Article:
Author’s grandfather, Lawrence A. Wagner, on an airfield in Santiago, Chile, 1931.
By John Fredette, Corporate Communications, Alcatel-Lucent.
Two weeks ago, while helping my mother move for the first time in 48 years, I came across some photos of her father. Lawrence “Sparks” Wagner was one of the first communications officers for Pan American Airlines. Radio communications fascinated him; in fact he had one of the very first radio sets in Baltimore, Maryland. In the early 1930s in South America he had to carry a gun to protect against animals as he and his colleagues oversaw the clearing of jungle land for new air strips. He knew seven languages and was learning Chinese for his upcoming post on PanAm’s China Clipper route when he was tragically killed in a plane crash at the Lima airport.
Based on stories from my grandmother I believe I know what type of person my grandfather was. New technology fascinated him as did the idea of expanding frontiers. He understood the risks, but he wanted to be part of the vanguard of pioneers who were creating a global network of international flight. I am sure he would be amazed by how wireless communications have developed in the last 80 years. I see a direct connection between what we are doing today in developing broadband wireless around the globe and what my grandfather’s industry was doing in the last century.
Certainly the physical dangers for the majority of us in telecommunications are very limited. But there are risks. The risks are not necessarily for us as individuals but rather for our society and its organizations as we plough full speed ahead in developing and broadening the phenomenon referred to as ‘hyperconnectivity’.
Today, more people in more places have access to communications networks and are building (digital) links that are stronger and more prevalent than ever before in history. Hyperconnectivity means always being easily connected by whatever device and wherever you are. It makes almost limitless amounts of data readily available. It is interactive and it is always keeping track of all those interactions.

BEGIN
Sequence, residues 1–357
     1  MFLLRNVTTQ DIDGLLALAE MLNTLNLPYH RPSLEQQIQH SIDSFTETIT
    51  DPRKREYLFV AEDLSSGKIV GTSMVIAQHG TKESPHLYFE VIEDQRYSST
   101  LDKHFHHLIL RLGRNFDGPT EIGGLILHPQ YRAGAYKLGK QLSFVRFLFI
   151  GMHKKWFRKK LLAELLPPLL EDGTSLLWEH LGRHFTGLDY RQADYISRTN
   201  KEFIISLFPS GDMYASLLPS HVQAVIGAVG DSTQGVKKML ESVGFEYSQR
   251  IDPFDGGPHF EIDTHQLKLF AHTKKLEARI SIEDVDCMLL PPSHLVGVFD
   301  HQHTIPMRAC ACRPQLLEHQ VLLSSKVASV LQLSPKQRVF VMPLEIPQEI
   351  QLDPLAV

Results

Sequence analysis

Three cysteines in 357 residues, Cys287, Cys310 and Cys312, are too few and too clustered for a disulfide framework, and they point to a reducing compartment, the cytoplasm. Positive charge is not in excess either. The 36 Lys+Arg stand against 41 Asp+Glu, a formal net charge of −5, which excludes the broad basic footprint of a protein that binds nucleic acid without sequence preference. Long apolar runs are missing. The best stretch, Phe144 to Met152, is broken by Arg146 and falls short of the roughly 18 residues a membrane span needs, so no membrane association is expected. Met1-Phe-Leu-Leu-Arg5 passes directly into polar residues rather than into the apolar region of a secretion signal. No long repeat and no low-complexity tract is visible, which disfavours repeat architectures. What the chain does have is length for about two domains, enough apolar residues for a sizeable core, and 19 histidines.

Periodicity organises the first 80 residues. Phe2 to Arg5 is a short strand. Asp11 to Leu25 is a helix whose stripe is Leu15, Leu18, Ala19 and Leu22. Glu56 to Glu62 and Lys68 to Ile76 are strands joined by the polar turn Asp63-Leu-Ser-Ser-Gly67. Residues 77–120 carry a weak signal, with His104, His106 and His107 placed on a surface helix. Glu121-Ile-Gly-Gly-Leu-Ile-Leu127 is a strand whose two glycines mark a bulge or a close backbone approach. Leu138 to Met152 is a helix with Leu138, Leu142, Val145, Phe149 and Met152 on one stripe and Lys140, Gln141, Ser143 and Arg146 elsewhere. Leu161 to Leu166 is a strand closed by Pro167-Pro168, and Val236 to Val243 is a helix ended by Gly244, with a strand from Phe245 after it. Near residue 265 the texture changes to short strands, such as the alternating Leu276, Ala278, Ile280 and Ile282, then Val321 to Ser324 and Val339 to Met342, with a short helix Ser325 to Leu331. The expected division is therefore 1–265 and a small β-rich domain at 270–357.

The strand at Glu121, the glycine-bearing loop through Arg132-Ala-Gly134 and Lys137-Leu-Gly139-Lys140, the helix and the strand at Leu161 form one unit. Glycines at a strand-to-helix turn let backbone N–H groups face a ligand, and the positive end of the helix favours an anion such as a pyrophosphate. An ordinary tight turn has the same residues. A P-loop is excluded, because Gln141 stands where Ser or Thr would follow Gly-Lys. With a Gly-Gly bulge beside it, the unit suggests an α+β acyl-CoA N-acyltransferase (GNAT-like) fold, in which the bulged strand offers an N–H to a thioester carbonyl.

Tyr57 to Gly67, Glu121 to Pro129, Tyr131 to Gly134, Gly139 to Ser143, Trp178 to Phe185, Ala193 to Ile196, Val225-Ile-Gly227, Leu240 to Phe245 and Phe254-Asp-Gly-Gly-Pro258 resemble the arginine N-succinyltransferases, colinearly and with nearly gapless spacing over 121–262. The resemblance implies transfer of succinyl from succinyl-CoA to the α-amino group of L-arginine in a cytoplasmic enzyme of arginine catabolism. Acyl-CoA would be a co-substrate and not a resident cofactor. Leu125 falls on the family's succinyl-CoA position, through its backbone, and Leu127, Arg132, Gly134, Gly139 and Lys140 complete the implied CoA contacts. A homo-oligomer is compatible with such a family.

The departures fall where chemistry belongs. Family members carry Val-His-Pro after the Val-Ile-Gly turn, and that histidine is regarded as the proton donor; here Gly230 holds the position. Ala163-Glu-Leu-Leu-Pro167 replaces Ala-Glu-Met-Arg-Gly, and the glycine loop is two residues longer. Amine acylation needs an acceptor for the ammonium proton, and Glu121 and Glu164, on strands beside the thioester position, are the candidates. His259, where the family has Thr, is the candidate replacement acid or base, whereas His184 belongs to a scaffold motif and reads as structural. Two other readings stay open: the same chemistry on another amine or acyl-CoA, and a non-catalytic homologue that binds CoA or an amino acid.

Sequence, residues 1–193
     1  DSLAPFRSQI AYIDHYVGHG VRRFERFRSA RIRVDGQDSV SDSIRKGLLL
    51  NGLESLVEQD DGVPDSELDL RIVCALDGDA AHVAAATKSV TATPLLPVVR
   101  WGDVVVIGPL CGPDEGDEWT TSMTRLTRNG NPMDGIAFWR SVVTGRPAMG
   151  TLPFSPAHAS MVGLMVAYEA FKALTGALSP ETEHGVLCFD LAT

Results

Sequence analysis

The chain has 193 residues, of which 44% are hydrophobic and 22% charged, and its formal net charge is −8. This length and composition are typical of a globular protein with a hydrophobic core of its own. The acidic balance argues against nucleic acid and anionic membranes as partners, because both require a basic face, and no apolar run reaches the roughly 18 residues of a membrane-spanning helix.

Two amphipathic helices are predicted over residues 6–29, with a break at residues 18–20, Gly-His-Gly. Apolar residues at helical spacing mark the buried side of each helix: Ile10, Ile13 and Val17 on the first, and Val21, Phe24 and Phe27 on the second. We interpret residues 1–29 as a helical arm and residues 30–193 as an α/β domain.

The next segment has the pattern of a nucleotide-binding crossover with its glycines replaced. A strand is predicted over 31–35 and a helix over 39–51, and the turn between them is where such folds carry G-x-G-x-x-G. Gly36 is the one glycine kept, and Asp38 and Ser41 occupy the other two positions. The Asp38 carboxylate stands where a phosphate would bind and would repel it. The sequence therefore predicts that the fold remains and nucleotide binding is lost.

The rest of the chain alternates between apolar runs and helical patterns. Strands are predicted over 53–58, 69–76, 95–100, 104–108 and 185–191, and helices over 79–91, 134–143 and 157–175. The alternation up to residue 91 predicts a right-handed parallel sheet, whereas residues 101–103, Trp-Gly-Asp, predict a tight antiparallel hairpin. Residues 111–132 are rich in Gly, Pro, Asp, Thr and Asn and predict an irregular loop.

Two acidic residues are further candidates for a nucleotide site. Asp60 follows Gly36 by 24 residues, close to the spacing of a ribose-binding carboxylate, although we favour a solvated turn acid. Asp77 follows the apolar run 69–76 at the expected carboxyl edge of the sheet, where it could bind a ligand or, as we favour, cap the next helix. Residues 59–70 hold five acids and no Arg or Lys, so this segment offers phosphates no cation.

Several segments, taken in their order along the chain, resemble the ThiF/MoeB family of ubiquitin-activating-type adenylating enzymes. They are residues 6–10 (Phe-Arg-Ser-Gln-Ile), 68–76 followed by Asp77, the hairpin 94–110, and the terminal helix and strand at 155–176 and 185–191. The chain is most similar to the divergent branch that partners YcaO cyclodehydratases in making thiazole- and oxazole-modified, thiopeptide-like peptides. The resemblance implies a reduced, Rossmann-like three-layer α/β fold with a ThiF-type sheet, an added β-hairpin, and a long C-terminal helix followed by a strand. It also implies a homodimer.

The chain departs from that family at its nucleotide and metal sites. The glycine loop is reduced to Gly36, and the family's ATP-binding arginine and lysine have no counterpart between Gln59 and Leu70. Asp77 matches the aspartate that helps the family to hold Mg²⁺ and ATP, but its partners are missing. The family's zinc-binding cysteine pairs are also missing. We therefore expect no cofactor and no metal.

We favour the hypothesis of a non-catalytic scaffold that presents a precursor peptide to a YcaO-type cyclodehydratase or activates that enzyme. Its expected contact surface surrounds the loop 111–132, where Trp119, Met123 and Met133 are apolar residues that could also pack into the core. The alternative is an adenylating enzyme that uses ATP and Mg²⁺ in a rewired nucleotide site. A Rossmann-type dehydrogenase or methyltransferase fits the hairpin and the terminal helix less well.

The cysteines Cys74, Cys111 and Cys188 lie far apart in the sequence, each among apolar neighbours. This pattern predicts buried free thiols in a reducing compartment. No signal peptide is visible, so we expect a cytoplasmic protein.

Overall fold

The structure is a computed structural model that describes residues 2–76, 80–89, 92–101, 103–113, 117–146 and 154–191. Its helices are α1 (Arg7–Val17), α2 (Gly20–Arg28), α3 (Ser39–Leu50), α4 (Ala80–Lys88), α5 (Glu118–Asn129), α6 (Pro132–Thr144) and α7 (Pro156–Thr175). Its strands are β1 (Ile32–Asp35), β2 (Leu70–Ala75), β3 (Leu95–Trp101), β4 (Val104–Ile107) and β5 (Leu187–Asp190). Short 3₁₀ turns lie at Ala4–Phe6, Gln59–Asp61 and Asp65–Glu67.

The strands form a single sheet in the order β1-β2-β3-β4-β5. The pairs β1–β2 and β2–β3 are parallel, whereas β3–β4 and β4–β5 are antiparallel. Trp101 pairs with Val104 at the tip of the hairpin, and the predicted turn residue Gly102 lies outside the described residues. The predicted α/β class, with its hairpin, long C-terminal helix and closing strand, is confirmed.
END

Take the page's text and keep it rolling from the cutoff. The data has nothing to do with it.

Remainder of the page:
Hyperconnectivity is not a simple phenomenon. Several colleagues and I at Alcatel-Lucent explored some of its brighter, and sometimes darker sides in a chapter we contributed to the World Economic Forum’s 2012 Global Information Technology Report, entitled “The Promise and Peril of Hyperconnectivity” (PDF file) . While the paper is relatively short, it does highlight the myriad of impressive benefits that hyperconnectivity is providing to the global community. It also points out some of the downsides that come with hyperconnectivity.
Hyperconnectivity both brings us benefits and confronts us with challenges. It can be a powerful tool for all forms of collaboration, driving global alignment, increased efficiency, and material development. But it has very rapidly changed the way many things are done and people are expected to fully accommodate those changes – fast and no matter what the costs. All of that information and all of that access also present risks for mis-use.
My recent moving endeavors were greatly aided by the various forms of hyperconnectivity available to me:
- My iPhone kept me connected during the 500 mile road trip from Raleigh, North Carolina to Pittsburgh, Pennsylvania and helped me book a motel for a stay along the way
- During my time away from the office, broadband, my laptop and my iPhone kept me connected for work and conference calls
- I found the resources to sell the contents of my mother’s house online and communicated with the sellers virtually until I was in Pittsburgh
- The house contents sale was advertised online and when it was over my mother was thankful to have an empty house and the proceeds from the sale to buy an iMac
While hyperconnectivity made my trip and the whole experience more efficient and more easily managed in ways that would not have been possible a decade ago, my experience also vividly demonstrated one of the major challenges that hyperconnectivity presents. The ability to stay connected was invaluable in this instance, but disconnecting is sometimes just as important. In this case, however, at least I had that choice.
Which raises and important question – what about the people who are being left behind? Hyperconnectivity is spreading quickly into deeper and deeper recesses of the globe, but will it ever reach everyone? Are we building a hyper-disconnected class? Will the people who are not hyperconnected be at a perpetual disadvantage?
We all have a responsibility to understand the scope, benefits and risks of hyperconnectivity. The chapter my colleagues and I contributed to the GITR is a good foundation for gaining that understanding. I would like to think my grandfather would be proud of it.